Migration, Criminalization and “Security” in Today’s Europe

And yet – in spite of their so described potential centrality to the European project – one could venture to say that those mechanisms that have created the conditions for migration, both at an international and at a domestic level, have also created, at the same time, the conditions for migrants’ involvement in specific kinds of officially recorded crime and for an “amplified” fear of it. This situation proceeds, I believe, from a number of reasons.
As we have seen, the process of transferring sovereignty from individual European countries to the European Union is setting the stage for deep troubles in terms of loss of national identity and difficulty in acquiring a problematic new “European” identity. On the one hand, the making of Europe is by necessity accompanied by the resurfacing of traditional “sub-national” or “stateless / national” identities (Jauregui 1986). On the other hand, the lack of an actual European system of democracy and of a genuine European “public sphere”, as noted above, hampers the efforts at building a type of European common house which groups larger than the European elites may recognize as their own.

This political, and specifically European, political crisis is developing at the same time as so-called “post-Fordist” processes of globalisation and the deep restructuring of the economy which, under the leadership of the United States, have deeply put into question the accustomed way of living that had emerged from post-World War II reconstruction. The decisive move of the core of the economy from the old industrial factory-based production toward a lighter, de-centered, and much more flexible electronic information-based production, with the concomitant “marketization” of much “domestic” and “care” work – which has been called the “Mcdonaldization” of society (Ritzer 2000) – have gone hand in hand with the loss of centrality of a male- and union- dominated working class in favour of a sharply divided, largely poorer, disorganized, and increasingly female working class. At the same time, the wealth of upwardly mobile sectors, eager for consumption of “licit” and “illicit” goods, together with a political and economic emphasis which has encouraged newer and newer forms of individual entrepreneurship, have accompanied what could be described as a true unmaking, not only in numbers and power but also morally, of the traditional working class.

It is easy then at least to hypothesize that the principal figures of deviance linked to migration – drug dealing, prostitution, “black market” entrepreneurship – have found their roots in the increased volume of demand and opportunities this new situation has generated, while the traditional sectors of the working class that have most suffered from this overall dislocation were brought to identify their very cause in what by and large has been their consequence – that is, the coming of immigrants and their occupying specific niches in the licit and illicit labour market. The fear of the “stranger”6 would therefore follow patterns of development with which students of deviance and social control are familiar from studies on the fear of deviance. Indeed, the otherness of the stranger and the otherness of the deviant are collapsed in the social portrayal of the criminal immigrant – in the same way in which the reference to immigration largely overlaps, especially in much local and tabloid press, with reference to crime.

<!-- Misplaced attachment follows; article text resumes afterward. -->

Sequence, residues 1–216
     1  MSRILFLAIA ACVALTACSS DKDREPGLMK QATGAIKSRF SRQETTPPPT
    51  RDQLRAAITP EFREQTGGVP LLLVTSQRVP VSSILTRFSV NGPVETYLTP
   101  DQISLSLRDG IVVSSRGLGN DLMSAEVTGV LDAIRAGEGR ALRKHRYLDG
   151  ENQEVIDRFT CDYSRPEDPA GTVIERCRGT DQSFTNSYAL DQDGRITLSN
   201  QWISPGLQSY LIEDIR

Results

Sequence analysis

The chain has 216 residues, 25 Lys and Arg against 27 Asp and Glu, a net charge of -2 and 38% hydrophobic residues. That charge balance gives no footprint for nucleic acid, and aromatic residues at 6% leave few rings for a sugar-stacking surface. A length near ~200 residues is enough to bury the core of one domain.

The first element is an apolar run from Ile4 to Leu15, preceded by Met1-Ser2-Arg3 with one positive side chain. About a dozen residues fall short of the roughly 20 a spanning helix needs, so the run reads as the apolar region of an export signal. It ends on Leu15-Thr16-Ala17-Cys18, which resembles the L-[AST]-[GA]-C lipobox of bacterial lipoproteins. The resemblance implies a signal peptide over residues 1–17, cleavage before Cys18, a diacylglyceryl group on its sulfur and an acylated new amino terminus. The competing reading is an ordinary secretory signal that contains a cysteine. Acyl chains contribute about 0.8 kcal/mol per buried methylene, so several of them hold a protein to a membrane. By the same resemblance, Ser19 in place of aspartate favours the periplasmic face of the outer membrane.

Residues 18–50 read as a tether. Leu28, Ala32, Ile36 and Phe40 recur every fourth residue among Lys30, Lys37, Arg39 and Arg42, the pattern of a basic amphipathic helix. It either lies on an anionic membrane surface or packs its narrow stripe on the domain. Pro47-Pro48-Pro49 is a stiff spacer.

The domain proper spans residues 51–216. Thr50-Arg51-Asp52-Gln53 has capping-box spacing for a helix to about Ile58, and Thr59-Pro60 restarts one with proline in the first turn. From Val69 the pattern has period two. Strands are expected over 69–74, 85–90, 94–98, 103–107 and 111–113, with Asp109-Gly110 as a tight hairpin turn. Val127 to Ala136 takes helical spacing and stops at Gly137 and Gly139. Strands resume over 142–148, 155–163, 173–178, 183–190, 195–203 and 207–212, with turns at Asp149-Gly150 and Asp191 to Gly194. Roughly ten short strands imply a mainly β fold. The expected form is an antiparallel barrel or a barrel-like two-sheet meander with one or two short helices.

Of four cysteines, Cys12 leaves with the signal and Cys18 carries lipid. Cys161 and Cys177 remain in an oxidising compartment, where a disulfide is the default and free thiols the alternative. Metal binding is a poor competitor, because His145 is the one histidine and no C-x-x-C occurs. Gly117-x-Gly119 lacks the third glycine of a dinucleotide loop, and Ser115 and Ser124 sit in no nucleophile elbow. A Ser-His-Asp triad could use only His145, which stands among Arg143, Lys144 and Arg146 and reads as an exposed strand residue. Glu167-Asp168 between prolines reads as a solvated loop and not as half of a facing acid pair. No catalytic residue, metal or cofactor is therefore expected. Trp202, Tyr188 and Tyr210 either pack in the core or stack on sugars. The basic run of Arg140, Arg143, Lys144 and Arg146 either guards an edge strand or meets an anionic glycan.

Sociologist Kai Erikson, many years ago, in his Wayward Puritans (1966), described the “waves” of deviance that had shaken New England Puritans in the seventeenth-century. He connected such waves to historical situations of crisis in the colony. Following in the steps of Durkheim (1895), his theory was that a community publicly debates its norms and values through the notoriety of famous cases of deviance. I would like to follow Erikson’s suit in submitting that, through this central and vexed issue of immigration, we Europeans are conversing about ourselves, who we are, and where we want to go. The talk about immigrants’ criminal and cultural deviance, with which European mass-media are replete (van Dijk 1993; Ter Wal 1991), is only in part a vehicle for controlling immigrants’ behaviour. It is especially a vehicle for intra-European debate about the existence, nature and essential characteristics of a European identity that, as noted above, appears to be very problematic (Schlesinger 1992).

It is in any case a fact, the degree to which today, the prisons of Europe, and particularly of the Southern European countries (which had traditionally been countries of e-migration), are replete with increasing numbers of migrants from Africa, Asia and Latin America.